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Rutskoy A. V.

Rutskoy A. V.Acting President of the Russian Federation
An air force military officer renown for his participation in the Afghan War, Col. Aleksandr Rutskoy was selected to run for vice president on Boris Yeltsin's successful election ticket of 1991. After the successful elections, Rutskoy assumed the office of vice president on July 10, 1991.

Confrontation between Yeltsin and the conservative parliament, headed by speaker Ruslan Khasbulatov, reached its apotheosis by the fall of 1993. Rutskoy, put in charge of projects on agriculture production and anti-corruption measures, sided with Khasbulatov and opposed advanced reforms promoted by the Yeltsin's administration. On September 1, 1993, Yeltsin decreed suspension of the Vice President on charges of corruption. Two weeks later Yeltsin declared that he would agree to early presidential elections provided the parliament also called elections. On September 21 the president dissolved the Congress of People's Deputies and the Supreme Soviet. In the evening, Rutskoy and Khasbulatov announced that Yeltsin violated the Constitution and should be dismissed. At 00:17 a.m., September 22, the Supreme Soviet approved the dismissal of Yeltsin (votes 136-6) and at 00:23 a.m. confirmed Rutskoy acting president (votes 137-5, 3 abstentions), who immediately took the oath on the constitution.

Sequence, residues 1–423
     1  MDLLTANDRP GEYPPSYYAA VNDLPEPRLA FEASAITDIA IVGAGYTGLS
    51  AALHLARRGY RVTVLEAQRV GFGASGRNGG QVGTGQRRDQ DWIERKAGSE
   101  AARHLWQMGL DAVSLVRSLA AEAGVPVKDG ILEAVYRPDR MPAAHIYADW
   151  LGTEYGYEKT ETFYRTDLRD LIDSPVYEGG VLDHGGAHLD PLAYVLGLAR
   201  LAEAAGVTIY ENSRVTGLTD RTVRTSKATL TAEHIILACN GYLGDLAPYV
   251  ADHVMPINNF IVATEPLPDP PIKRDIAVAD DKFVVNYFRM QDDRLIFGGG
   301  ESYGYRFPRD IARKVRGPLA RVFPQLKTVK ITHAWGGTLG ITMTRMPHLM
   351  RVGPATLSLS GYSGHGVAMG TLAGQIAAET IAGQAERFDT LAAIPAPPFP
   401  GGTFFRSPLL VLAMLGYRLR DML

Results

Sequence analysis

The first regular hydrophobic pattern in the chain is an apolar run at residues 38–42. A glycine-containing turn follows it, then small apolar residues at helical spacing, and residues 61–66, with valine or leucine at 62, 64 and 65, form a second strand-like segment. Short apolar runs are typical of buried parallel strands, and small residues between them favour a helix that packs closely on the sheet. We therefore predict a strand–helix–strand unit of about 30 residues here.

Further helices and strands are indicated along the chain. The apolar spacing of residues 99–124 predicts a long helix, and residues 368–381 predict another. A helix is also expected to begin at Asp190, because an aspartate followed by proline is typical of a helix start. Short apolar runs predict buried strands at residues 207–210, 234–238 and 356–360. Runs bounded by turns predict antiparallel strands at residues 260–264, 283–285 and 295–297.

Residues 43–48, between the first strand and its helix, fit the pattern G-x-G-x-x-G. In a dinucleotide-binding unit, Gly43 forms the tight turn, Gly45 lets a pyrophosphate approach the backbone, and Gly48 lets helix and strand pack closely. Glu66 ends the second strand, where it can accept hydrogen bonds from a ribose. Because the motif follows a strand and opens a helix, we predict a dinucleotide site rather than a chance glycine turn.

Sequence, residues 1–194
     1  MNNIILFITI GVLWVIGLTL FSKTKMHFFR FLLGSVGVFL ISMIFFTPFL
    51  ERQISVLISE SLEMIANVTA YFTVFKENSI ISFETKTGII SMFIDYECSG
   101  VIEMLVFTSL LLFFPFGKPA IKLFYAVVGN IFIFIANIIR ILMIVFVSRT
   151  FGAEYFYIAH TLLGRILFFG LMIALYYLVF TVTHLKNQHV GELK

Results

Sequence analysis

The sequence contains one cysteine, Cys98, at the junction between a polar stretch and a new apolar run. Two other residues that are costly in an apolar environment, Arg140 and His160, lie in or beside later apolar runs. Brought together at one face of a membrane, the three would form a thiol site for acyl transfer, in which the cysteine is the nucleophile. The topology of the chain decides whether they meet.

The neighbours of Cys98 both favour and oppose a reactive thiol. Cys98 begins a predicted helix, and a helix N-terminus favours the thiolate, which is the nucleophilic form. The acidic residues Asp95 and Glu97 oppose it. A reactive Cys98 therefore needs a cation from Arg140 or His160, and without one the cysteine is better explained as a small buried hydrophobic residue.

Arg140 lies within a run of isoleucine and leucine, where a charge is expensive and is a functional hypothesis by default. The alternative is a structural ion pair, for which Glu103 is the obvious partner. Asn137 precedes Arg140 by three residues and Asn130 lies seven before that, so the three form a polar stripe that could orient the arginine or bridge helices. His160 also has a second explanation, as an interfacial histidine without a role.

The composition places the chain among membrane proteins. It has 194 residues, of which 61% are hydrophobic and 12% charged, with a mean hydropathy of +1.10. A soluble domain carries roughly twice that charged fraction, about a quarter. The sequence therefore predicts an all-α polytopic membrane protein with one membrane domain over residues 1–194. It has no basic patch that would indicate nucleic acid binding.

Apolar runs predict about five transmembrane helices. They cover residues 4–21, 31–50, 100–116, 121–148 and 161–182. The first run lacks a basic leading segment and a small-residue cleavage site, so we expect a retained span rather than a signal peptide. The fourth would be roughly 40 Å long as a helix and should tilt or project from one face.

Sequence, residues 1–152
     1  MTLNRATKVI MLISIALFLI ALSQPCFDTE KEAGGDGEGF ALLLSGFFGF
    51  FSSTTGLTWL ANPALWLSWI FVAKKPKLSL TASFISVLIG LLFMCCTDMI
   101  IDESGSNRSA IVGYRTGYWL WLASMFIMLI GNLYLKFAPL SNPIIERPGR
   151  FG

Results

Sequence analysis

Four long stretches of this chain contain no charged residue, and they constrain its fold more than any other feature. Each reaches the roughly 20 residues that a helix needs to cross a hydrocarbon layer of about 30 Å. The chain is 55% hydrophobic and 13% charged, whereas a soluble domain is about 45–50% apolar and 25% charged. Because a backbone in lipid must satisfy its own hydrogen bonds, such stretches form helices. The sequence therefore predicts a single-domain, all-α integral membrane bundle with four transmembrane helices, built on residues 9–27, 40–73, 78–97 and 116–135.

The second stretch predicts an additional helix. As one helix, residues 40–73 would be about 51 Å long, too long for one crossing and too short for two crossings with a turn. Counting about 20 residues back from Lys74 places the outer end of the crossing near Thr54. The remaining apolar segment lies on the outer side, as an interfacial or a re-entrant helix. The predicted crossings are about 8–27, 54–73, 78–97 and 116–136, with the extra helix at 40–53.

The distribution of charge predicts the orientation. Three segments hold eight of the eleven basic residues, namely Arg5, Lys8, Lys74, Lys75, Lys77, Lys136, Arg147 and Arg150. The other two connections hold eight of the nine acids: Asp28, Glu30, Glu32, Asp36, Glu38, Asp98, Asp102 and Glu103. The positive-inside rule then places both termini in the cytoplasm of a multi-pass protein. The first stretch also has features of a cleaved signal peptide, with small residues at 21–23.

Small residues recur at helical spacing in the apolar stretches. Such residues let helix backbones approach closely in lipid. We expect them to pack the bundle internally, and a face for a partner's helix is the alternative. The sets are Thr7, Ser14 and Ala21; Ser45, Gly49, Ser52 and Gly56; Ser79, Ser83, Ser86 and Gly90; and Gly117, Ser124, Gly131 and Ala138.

The political impasse developed into an armed conflict in the afternoon of October 3 after Moscow police failed to control a demonstration near the White House. The crowd, urged on by Rutskoy and Khasbulatov, who had barricaded themselves inside, sacked the mayor's office and routed the troops inside. Demonstrators then marched toward a television center. A pitched battle ensued that resulted in many fatalities. Khasbulatov called for the storming of the Kremlin. The military equivocated for several hours about how to respond to the president's call for action. Army tanks began to shell the White House on October 4. Hostilities were stopped several times to allow some of those in the White House to leave, but Rutskoy and Khasbulatov stayed to the bitter end before surrendering at about 6:30 p.m. on October 4.

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